Leeds was 38 at the time and living in Connecticut. She had been seated in coach. But a flight attendant invited her to take an empty seat in first class, she said. That seat was beside Trump, who did not yet own a fleet of private aircraft, records show. He introduced himself and shook her hand. They exchanged pleasantries, and Trump asked her if she was married. She was divorced and told him so.
Later, after their dinner trays were cleared, she said, Trump raised the armrest, moved toward her and began to grope her. Leeds said she recoiled. She quickly left the first-class cabin and returned to coach, she said.
“I was angry and shook up,” she recalled, as she sat on a couch in her New York City apartment Tuesday.
She did not complain to the airline staff at the time, Leeds said, because such unwanted advances from men occurred throughout her time in business in the 1970s and early 1980s. “We accepted it for years,” she said of the conduct. “We were taught it was our fault.”
She recalled bumping into Trump at a charity event in New York about two years later and said he seemed to recall her, insulting her with a crude remark.
She had largely put the encounter on the plane out of her mind until last year, when Trump’s presidential campaign became more serious. Since then, she has told a widening circle of people, including her son, a nephew and two friends, all of whom were contacted by The Times.
They said they were sickened by what they heard. “It made me shake,” said Linda Ross, a neighbor and friend who spoke with Leeds about the interaction about six months ago. Like several of Leeds’ friends, Ross encouraged her to tell her story to the media. Leeds had resisted until Sunday’s debate, which she watched with Ross.
When Trump denied having ever sexually assaulted women, in response to a question from Anderson Cooper of CNN, Ross immediately looked at Leeds in disbelief, Ross said. “Now we know he lied straight up,” Ross recalled saying.
In the days after the debate, Leeds recounted her experience in an email to The Times and a series of interviews.
“His behavior is deep seated in his character,” Leeds wrote in the message.
“To those who would vote for him,” she added, “I would wish for them to reflect on this.”
For Crooks, the encounter with Trump was further complicated by the fact that she worked in his building and risked running into him again.
A few hours after Trump kissed her, Crooks returned to her apartment in Brooklyn and broke down to her boyfriend at the time, Clint Hackenburg.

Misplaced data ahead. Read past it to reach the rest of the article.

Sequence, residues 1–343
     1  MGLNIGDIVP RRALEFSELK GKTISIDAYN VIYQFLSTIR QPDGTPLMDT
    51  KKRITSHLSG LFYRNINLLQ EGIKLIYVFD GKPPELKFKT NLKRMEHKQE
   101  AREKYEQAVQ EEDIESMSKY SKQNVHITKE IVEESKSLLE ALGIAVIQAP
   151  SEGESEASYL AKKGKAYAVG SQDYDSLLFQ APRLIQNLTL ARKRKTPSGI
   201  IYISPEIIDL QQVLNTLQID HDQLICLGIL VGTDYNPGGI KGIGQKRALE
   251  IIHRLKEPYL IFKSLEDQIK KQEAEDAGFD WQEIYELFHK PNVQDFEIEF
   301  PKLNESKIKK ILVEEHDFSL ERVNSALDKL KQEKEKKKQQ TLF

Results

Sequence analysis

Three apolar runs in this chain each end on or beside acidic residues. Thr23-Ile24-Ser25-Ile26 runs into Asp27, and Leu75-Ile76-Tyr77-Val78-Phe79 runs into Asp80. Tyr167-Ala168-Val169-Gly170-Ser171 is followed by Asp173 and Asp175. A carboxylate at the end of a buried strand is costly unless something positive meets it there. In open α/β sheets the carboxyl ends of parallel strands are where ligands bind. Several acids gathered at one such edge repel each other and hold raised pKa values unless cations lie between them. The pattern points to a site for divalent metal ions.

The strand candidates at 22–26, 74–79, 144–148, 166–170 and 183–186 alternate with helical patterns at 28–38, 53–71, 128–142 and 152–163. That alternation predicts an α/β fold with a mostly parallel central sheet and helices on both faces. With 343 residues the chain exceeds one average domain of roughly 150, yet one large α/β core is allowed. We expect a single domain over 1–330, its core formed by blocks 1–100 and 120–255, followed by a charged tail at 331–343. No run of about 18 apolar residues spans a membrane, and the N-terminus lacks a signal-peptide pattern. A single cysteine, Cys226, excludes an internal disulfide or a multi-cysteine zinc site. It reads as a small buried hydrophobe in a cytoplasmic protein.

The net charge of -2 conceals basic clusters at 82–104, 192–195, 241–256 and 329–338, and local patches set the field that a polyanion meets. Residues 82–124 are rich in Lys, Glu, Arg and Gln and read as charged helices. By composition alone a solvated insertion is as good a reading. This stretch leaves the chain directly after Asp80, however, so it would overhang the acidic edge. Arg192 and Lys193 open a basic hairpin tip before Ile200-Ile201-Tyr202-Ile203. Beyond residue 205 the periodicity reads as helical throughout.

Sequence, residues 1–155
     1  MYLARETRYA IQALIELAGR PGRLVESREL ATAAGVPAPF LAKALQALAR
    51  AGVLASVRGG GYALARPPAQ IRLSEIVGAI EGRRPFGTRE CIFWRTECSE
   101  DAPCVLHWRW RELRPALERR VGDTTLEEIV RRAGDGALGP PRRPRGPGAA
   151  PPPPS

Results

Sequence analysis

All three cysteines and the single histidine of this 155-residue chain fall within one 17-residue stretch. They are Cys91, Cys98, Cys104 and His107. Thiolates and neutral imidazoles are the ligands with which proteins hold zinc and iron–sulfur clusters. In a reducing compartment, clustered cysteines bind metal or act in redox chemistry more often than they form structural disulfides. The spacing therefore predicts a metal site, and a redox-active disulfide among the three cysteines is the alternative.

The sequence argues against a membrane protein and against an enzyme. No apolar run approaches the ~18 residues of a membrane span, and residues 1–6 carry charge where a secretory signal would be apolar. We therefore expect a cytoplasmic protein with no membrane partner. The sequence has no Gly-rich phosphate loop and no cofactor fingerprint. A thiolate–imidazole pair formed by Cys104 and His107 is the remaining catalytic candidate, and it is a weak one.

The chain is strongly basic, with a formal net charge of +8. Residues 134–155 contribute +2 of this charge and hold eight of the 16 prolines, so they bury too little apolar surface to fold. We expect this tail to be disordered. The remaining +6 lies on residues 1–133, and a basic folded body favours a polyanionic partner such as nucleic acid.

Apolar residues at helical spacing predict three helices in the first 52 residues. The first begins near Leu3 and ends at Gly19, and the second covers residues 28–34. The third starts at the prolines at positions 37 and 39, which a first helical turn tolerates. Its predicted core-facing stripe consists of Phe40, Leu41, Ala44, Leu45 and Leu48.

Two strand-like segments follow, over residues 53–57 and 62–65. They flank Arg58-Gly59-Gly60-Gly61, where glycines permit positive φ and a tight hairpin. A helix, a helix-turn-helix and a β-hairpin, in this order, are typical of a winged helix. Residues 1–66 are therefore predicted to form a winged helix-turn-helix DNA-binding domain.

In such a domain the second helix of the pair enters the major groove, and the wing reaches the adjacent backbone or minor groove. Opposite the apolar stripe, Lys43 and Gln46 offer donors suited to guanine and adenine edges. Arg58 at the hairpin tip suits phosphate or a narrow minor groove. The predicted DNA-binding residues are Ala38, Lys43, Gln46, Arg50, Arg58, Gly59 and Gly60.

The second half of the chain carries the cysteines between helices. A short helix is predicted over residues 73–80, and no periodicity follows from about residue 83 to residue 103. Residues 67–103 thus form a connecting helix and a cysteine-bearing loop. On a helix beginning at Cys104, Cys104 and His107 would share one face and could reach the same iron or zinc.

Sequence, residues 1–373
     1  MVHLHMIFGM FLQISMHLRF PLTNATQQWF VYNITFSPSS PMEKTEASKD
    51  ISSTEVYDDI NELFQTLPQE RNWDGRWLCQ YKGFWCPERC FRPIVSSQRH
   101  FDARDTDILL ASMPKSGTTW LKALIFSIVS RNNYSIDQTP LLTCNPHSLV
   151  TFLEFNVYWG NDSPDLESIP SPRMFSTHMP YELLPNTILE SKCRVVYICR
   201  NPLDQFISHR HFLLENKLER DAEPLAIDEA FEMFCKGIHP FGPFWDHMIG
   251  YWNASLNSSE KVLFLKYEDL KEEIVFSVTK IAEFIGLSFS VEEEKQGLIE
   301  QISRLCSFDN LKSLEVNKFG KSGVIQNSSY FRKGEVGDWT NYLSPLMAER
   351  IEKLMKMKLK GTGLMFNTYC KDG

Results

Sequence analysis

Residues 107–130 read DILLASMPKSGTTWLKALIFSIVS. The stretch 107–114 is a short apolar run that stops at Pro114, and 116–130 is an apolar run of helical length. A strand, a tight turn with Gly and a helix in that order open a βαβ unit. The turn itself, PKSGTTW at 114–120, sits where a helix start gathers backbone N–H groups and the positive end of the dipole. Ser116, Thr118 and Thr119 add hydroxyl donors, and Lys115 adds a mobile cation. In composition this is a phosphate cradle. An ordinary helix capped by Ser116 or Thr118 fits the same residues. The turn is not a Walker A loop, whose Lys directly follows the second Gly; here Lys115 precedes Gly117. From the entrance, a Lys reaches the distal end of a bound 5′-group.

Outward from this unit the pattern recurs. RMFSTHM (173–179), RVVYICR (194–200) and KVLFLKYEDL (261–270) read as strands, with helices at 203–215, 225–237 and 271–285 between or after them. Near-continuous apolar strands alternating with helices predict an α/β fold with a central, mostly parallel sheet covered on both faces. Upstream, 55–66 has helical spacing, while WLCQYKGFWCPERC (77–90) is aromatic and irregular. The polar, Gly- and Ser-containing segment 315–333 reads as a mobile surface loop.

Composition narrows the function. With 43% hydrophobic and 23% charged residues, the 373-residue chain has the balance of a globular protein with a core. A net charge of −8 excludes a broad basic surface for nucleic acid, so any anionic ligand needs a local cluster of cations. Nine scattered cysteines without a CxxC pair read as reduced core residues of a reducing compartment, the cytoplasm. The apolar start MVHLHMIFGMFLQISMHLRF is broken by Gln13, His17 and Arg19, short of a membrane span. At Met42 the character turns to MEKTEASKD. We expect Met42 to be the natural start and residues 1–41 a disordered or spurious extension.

“I asked, ‘How was your day?’” Hackenburg recalled. “She paused for a second and then started hysterically crying.”
After Crooks described her experience with Trump, she and Hackenburg discussed what to do.
“I think that what was more upsetting than him kissing her was that she felt like she couldn’t do anything to him because of his position,” he said. “She was 22. She was a secretary. It was her first job out of college. I remember her saying, ‘I can’t do anything to this guy, because he’s Donald Trump.’”
Days later, Crooks said, Trump, who had recently married Melania, came into the Bayrock office and requested her phone number. When she asked why he needed it, Trump told her he intended to pass it along to his modeling agency. Crooks was skeptical but relented because of Trump’s influence over her company. She never heard from the modeling agency.
During the rest of her year working at Bayrock, she made a point of ducking out of sight every time Trump came into view. When Bayrock employees were invited to the Trump Organization Christmas party, she declined, wanting to avoid any other encounters with him.
But the episode stuck with her even after she returned to Ohio, where she now works for a university. When she read a Times article in May about the Republican nominee’s treatment of women, she was struck by Taggart’s recollection of being kissed on the mouth by Trump.
“I was upset that it had happened to other people but also took some comfort in knowing I wasn’t the only one he had done it to,” said Crooks, who reached out to The Times to share her story.
Both Leeds and Crooks say they support Hillary Clinton’s campaign for president, and Crooks has made contributions of less than $200 to Clinton and President Barack Obama.
Crooks was initially reluctant to go public with her story but felt compelled to talk about her experience.
“People should know,” she said of Trump, “this behavior is pervasive and it is real.”